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Erin Moriarty, Loyola’s Dean of Undergraduate Admissions, Shares How Colleges Can Prepare for Learning Loss of Incoming Freshmen

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Erin Moriarty, Loyola’s Dean of Undergraduate Admissions, Shares How Colleges Can Prepare for Learning Loss of Incoming Freshmen

May 12
00:51 2021
Students graduating high school in 2020 may experience an unprecedented learning loss related to the pandemic and school closings. Colleges can do more to support incoming freshmen and prepare them for academic success.

Chicago, Illinois – With school closings and distance learning limiting education for the class of 2020, Erin Moriarty, Loyola University’s Dean of Undergraduate Admissions, says that learning loss for incoming first-year students is a significant challenge for which colleges must prepare.

Concerns about learning loss during 2020 have fueled debates about schools reopening for in-person learning. Learning loss is not a new concept. Before the pandemic, the effects of learning loss were focused on students in the K-8 grade level. How many student skills would be lost during long summer breaks? How much class time in the fall should teachers dedicate to relearning those skills that students had mastered only a few months ago? Now learning loss has become a concern due to the pandemic as well.

Data on learning loss for high school students—pre- and post-pandemic—is scarce, making it difficult to gauge the impact of educational disruption with any accuracy. However, some school districts report a decrease in engagement and attendance, leading to lower grades.

Learning loss does not affect all students equally. Some have the educational resources at home to make up for classroom deficits, while others do not. Understandably, students without those resources might be left behind.

As the class of 2020 enters their first semester of college, many students may need developmental courses to close educational gaps. But students and parents are often resistant to the idea if those classes are not available for credit.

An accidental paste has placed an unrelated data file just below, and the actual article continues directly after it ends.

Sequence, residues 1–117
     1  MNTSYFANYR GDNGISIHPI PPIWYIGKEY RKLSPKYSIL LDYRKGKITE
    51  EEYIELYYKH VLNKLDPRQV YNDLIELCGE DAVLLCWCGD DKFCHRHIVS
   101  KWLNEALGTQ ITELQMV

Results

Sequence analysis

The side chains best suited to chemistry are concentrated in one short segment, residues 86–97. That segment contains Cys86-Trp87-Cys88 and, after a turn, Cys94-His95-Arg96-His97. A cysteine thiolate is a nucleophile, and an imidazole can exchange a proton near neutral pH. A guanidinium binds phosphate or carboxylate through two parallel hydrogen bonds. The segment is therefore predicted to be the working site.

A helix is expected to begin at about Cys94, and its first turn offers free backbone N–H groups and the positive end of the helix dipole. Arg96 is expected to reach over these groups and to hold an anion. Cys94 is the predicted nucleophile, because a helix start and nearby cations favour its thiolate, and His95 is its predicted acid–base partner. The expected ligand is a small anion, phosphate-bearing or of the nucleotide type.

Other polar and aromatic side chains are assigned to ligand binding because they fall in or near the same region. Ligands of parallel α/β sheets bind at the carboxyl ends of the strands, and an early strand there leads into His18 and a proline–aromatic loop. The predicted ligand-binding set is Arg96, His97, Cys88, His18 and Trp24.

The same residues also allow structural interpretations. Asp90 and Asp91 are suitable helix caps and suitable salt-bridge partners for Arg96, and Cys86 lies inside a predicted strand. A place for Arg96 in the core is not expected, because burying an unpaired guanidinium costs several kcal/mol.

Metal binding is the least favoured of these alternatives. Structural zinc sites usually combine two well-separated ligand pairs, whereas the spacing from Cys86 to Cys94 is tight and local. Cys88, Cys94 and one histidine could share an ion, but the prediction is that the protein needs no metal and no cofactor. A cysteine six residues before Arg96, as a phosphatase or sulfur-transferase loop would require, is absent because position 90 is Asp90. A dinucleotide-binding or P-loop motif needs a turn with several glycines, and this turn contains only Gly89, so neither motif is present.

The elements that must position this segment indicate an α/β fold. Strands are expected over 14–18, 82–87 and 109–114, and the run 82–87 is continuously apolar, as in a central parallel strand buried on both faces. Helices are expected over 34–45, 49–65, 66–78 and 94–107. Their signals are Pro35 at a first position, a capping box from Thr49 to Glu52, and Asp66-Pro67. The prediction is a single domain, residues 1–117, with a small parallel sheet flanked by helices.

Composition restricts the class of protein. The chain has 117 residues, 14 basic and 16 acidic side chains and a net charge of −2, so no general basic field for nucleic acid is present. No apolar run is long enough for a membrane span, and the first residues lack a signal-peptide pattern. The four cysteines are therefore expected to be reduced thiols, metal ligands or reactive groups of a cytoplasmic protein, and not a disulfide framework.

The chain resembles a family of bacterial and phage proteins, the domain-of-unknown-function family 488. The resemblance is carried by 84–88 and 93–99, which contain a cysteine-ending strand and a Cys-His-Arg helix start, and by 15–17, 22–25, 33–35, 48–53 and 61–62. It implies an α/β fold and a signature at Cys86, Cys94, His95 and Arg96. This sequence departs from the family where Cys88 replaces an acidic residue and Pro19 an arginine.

Taking remedial classes can discourage students and slow their progress. When many students already have difficulty accessing resources, the last thing educators want is to see new college students feeling defeated before they’ve even had the chance to begin.

To help prepare for the learning loss of incoming freshmen, colleges need to evaluate their support systems. As an alternative to remedial courses for students with learning loss, there are several things that educators can do. Students can be placed in standard courses with tutoring. They can also be offered additional classroom time and greater access to instructors during office hours.

Durham Technical Community College President J.B. Buxton states that Durham Tech is already using a similar corequisite model. While there is not yet enough data to properly evaluate the Durham Tech program, current trends show that “learning loss” students who are placed into credit-bearing courses in the program pass at the same rate as other students who did not face these challenges.

There are many ways of supporting a student’s needs that go beyond academics. Developing programs to support a student’s financial needs and mental and physical health, especially in the summer leading to freshman year, can go a long way toward supplementing any losses that are experienced due to the educational deficits of the pandemic.

About Erin Moriarty, Loyola University Chicago

Erin Moriarty, Loyola’s Associate Vice President and Dean of Undergraduate Admissions,  has been working in higher education for over 20 years. She believes every student has a purpose to fill, and as the Dean of Undergraduate Admissions, she is passionate about helping them find that purpose. Outside of work, Erin can be found participating in Pedal the Cause or biking along the shores of Lake Michigan.

Media Contact
Company Name: Loyola University Chicago
Contact Person: Erin Moriarty
Email: Send Email
Phone: (773) 508-3079
Address:1032 W Sheridan Road
City: Chicago
State: Illinois, 60614
Country: United States